Someone might have a better answer for you than what I just threw out there, but that has been my understanding of the systems, and it seems to have worked well for me.
 
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avbug

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The aeroncas aren't particularly effective, do fail to deploy, fail to retract, and have been known to inadvertantly deploy...there hasn't been a case of that happening with the dee howard.

A lot of folks prefer the clean configuration with no T/R's. I've flown all of them, prefer the dee howard, and prefer the slick airplane sans the reversers, after that.
 

Gulfstream 200

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I liked the 35s with DeeHowards better

Aeroncas never came out evenly, always made for more work....to the point where nobody used them and that likely made them worse..
 

NCherches

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When I was in the lear we didn't even test them prior to flight because if you did you were just asking for it to not retract . . . Just not reliable, kind of like the old Lear itself. Fun plane to fly, but I don't really miss it either
 

2dumb2drive

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I'm sure that there are mechanics out there that can keep the aeroncas in good working order. Ours can not. We do not even use them anymore because it was leading to so many break downs on the road. I can't tell you how many times I have had to shut down an engine after using them on landing and one would just be stuck fully deployed. I've also aborted two takeoffs because right after t/o power was set the horn and unlock light on one of them would activate. Not fun.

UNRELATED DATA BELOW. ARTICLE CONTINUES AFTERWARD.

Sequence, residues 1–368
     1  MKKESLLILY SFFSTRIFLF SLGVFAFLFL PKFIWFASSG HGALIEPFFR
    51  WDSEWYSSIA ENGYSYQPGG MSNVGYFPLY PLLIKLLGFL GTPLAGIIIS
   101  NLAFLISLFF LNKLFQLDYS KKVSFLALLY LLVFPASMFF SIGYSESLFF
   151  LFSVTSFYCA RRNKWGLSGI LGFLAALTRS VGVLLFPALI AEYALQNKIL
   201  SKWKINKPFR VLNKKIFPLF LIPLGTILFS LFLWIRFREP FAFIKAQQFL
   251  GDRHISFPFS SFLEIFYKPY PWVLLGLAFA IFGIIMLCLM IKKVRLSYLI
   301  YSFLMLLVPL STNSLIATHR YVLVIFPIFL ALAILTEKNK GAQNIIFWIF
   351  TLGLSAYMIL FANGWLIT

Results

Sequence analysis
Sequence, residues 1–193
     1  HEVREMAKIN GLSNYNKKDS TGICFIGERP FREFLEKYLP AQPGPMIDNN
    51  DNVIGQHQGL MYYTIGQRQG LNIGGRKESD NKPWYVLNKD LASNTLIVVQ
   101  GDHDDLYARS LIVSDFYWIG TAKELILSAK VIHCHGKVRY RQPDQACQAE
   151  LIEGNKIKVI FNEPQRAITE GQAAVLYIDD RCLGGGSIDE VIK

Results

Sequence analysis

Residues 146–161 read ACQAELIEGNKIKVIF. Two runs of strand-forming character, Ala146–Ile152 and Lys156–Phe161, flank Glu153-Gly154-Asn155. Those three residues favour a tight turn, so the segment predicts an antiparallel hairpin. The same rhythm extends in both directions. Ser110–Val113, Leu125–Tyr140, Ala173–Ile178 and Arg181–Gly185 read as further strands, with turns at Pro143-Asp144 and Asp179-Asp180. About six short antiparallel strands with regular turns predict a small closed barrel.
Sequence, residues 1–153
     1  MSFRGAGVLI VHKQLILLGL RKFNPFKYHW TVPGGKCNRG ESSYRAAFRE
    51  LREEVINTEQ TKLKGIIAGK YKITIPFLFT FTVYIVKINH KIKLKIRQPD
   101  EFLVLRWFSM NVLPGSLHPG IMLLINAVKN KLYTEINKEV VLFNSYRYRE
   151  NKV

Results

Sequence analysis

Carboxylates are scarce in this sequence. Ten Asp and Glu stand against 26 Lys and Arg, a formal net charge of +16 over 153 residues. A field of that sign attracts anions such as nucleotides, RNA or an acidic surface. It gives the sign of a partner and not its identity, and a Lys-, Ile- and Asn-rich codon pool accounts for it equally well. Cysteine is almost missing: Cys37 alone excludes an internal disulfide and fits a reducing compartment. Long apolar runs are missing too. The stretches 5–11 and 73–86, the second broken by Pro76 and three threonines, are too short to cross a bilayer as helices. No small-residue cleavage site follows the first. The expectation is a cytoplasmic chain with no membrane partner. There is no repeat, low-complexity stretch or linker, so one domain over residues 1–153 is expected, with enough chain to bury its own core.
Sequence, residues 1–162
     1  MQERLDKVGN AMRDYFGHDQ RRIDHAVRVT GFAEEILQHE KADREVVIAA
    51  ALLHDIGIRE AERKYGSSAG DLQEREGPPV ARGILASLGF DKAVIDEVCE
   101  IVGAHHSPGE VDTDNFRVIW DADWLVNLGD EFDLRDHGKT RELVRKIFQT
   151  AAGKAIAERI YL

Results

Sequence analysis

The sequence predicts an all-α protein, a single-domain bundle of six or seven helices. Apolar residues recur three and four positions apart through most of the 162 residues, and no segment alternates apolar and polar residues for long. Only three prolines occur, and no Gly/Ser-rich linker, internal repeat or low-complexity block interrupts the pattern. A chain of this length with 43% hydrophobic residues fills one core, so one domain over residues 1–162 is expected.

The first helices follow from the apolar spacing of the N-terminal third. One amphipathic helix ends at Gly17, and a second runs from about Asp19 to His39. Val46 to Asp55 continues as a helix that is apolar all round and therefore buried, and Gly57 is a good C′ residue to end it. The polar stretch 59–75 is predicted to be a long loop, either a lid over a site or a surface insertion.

bubble

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Sorry I've been away from the computer for awhile. Thanks for the info guys!
 

Lead Sled

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It's been a million years since I last flew a 35 with Aeronca's, but I've got close to 3,000 hours in them. We suffered through all of the problems that go along with Aeronca's and ended up pinning them for most of our flights until we came upon a Lear maintenance guru. (Who just happened to live down the street from me.) This guy started turning wrenches for Bill Lear back in 1965 and had spent his entire career working on Lears. He had our Aeroncas tuned up and working properly in less than one day. After that, we never had another problem with them in close to 2000 hours of flight time. Believe it or not, the big problem was excess lubrication. ("If this much is good, this much more has to be better, and here's some more just to be sure...") After that, all they ever needed was the routine stuff on the inspections. They worked great.

Once we got the maintenance issues sorted out with them I actually preferred them to the Dee Howards - they were much more effective.

LS
 

Gearmonkey

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I know you guys are talking 30 series TR's, but the 25's with Dee Howards, ohhhhhh man, now that was fun stuff!